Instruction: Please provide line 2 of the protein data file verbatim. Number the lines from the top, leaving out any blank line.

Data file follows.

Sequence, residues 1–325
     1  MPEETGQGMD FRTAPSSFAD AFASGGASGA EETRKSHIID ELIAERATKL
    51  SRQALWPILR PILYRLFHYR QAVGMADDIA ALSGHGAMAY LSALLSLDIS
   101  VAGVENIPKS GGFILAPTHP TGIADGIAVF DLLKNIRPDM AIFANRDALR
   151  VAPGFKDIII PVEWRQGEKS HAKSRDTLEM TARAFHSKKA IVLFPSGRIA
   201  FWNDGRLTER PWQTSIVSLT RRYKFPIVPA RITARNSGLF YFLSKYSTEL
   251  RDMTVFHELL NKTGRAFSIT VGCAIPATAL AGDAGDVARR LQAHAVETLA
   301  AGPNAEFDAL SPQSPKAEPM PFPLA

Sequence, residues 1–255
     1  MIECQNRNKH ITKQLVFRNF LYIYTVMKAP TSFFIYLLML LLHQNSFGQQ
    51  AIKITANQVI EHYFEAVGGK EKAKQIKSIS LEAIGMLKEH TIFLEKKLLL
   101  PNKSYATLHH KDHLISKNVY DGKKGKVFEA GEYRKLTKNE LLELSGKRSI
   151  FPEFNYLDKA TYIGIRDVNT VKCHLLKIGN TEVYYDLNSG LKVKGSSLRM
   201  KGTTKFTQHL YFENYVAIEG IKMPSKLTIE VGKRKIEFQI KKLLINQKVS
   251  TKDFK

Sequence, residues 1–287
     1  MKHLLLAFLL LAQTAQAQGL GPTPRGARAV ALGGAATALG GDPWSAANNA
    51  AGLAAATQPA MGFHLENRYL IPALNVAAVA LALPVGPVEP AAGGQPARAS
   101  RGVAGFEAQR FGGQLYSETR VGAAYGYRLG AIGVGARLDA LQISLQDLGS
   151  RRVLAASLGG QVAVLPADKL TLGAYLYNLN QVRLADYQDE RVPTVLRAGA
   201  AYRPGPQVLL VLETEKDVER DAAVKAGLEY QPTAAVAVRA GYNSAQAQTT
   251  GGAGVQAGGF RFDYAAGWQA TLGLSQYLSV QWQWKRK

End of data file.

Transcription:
     1  MPEETGQGMD FRTAPSSFAD AFASGGASGA EETRKSHIID ELIAERATKL